European Style Stock Options
In trading European style options, an options contract can only be exercised on expiration of the options contract. When trading exchange-traded options in the USA, standardized stock options contracts typically consist of one hundred shares of the stock. Contract lengths are standardized. Although European style stock options can only be exercised at expiration, unlike American style options, one can exit a European style stock options contract at any time during the contract period. Thus a stock options trader can execute the opposite to trade and pocket his profits or limit his losses without waiting until the end of the contract period. The difference in execution of options trades between European style stock options and American style stock options can be significant for stock investors.
Buying Calls with European Style Stock Options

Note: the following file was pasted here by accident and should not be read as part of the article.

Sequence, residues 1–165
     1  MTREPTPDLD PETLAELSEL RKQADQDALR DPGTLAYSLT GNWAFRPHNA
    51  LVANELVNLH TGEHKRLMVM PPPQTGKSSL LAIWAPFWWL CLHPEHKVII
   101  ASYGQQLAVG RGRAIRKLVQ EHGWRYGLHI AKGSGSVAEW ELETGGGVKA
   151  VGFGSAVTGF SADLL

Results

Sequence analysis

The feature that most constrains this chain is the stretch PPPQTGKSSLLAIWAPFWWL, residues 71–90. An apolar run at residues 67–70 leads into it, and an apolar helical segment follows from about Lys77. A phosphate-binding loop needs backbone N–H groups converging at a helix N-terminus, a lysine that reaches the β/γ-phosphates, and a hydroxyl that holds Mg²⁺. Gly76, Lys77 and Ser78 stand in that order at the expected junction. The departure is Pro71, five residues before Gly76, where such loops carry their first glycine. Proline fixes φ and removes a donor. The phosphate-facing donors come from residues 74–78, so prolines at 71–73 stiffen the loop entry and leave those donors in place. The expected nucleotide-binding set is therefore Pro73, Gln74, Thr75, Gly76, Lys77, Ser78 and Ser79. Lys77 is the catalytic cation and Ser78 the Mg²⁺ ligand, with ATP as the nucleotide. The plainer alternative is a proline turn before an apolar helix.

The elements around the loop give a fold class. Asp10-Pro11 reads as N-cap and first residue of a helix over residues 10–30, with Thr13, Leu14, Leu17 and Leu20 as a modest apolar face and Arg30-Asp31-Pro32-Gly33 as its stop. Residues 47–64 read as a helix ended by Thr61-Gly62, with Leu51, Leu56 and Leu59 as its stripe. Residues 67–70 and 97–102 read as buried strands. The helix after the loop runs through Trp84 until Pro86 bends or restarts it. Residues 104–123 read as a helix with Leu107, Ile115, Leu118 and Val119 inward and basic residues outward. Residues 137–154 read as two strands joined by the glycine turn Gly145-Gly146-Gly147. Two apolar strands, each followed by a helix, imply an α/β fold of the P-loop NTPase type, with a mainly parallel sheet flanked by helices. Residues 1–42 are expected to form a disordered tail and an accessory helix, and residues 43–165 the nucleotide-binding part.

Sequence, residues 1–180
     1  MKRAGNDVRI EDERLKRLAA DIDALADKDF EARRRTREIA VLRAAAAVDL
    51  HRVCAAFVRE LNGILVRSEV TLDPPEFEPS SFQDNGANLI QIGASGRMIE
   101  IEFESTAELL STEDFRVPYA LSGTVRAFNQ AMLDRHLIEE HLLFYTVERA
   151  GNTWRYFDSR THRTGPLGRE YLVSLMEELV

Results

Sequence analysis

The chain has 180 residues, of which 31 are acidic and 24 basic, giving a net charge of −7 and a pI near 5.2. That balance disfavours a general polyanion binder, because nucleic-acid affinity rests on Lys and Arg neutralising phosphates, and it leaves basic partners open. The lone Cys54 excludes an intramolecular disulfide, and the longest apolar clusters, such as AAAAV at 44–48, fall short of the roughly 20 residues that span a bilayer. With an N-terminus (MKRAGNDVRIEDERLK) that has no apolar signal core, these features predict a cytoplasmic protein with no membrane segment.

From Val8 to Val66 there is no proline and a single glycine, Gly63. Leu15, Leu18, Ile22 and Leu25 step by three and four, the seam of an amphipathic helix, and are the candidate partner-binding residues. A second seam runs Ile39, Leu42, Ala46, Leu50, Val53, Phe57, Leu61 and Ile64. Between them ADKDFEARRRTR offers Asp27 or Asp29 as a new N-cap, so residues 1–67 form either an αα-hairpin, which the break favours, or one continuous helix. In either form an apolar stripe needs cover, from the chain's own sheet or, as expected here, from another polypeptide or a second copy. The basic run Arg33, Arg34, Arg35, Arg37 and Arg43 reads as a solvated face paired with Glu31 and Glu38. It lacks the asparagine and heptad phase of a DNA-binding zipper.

A call gives the purchaser the right to purchase the underlying stock at a set price as defined by the contract. This price is called the strike price. In the case of European style stock options this can only happen at the end of the contract term. With an American style options contract the purchaser can execute the contract at the most opportune time during the contract period. An issue arises here for an investor who expects to be able to use a call option to take advantage of an expected rise in a stock price. If the stock price moves up rapidly the investor may choose to execute the contract and buy the stock. He wants to keep the stock but is concerned about a reversal. As such he can buy puts on the stock to protect his gains while still holding the stock. This is not possible in trading European style stock options as one cannot execute the contract and take the stock prior to expiration. The only way to guarantee a profit when the options contract price rises is to exit the contract and take a profit but not hold the stock. This may be limiting for a number of stock options trading strategies.